James Wiseman wants to have a "courageous mind."
To him, that means being unafraid of asking questions to anyone he has the chance to talk to. He's hungry to be a student of the game in order to get better.
So, it comes as no surprise that Wiseman went to Draymond Green for advice and spent the next couple days watching film after his most frustrating performance of the season in Monday's win over the Los Angeles Lakers.
"I still got a lot to learn, but I'm getting better each game," Wiseman said Wednesday following the Warriors' 121-99 win over the San Antonio Spurs.
Wiseman looked the best he has all season Wednesday. His seven dunks accounted for the bulk of his career-high 20 points on 8-of-11 shooting. Wiseman added six rebounds and three assists, and the latter was five times more than what he's averaging so far as a rookie.
Wiseman’s biggest frustration about his game heading into Wednesday night was the lack of aggression he played with in the previous game. He knew that would have to change, and it did.
Just over three minutes into the third quarter, Wiseman fought off San Antonio’s Dejounte Murray for rebounding position, snatched the rebound off Draymond Green’s missed 3-pointer and spun around Murray for what was his best dunk of the night.
"I'm just studying film, asking questions, being patient with my mind," he said. "I'm making sure I slow down up here, making sure I just read the floor, and being patient with my moves and being way more precise with the basketball.”
Wiseman looks far more comfortable on the floor. Slowing the mental side of the game has resulted in the physical game slowing down for him. He is able to find his spots better, which is leading to easier buckets (like all of his dunks) and better positioning on defense.
Of course, the chemistry he has built with his teammates also deserves some credit in the dunking frenzy Wiseman had.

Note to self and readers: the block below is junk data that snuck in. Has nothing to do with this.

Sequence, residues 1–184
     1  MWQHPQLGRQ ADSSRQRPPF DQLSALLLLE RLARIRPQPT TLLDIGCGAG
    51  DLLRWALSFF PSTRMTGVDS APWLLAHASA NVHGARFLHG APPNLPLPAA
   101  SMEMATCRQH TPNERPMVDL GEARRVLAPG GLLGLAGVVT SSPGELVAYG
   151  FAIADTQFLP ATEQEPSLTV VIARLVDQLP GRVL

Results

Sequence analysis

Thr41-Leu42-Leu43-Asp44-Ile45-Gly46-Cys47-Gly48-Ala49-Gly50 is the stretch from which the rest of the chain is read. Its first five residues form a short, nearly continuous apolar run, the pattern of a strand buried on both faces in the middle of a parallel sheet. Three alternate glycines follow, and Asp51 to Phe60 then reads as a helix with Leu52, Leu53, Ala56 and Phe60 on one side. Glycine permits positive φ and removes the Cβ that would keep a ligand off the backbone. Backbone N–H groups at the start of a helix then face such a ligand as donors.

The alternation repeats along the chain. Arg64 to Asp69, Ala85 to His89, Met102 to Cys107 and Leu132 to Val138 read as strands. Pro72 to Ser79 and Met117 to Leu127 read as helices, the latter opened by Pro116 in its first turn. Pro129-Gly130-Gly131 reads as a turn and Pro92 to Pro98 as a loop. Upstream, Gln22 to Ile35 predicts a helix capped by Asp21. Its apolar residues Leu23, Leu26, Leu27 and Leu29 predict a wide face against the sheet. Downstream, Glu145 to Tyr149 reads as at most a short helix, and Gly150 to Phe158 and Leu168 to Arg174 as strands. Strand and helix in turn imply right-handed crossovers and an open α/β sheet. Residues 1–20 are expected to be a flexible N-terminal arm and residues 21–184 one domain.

“Man oh man, that dude’s good,” Andrew Wiggins said, who took a part in the plethora of passes leading to Wiseman dunks.
“[His confidence] is right up there with the ones that have that it factor,” Steph Curry said. “That will to be great and to put the time and the work in.”
Curry, Wiggins and Green have all learned Wiseman makes the entire team better if they get him going and playing with all of his might. So, when they draw a double team or suck their opponents’ entire defense into the paint with them, they know they want to find Wiseman. Right now, it’s about helping him get the easiest baskets, and Wednesday night was a perfect example of them doing so.
But besides his point total, what was perhaps the most important part of Wiseman’s stat line was that he committed just two fouls -- a vast improvement from the six he committed against the Lakers.
"It was really just being smart," Wiseman said. "Just listening to Draymond, talking to Draymond, he's giving me little tricks on how to be smart, how to stay on my feet. Because I'm 7-foot-1, so I don't have to jump. If I'm going to jump, be the second jumper.
"But using verticality, which I'm getting better at. Sometimes in the game, I foul here and there, but I'm still getting better at the verticality rule and trying to make sure that I understand [I'm] 7-foot-1 so I don't have to go and get it.”
Wiseman said it’s hard for him to remember exactly how many games he has played in the NBA. With the pace of the league, it has been difficult to keep track. But what he does know is that with every passing moment, he feels like he is getting better. His game against the Spurs was just a culmination of his development so far.
Wiseman will continue to tackle this season with a courageous mindset, soaking up every bit of education and information that he can. It’s clear he can help this team.
Now, it’s about doing so consistently.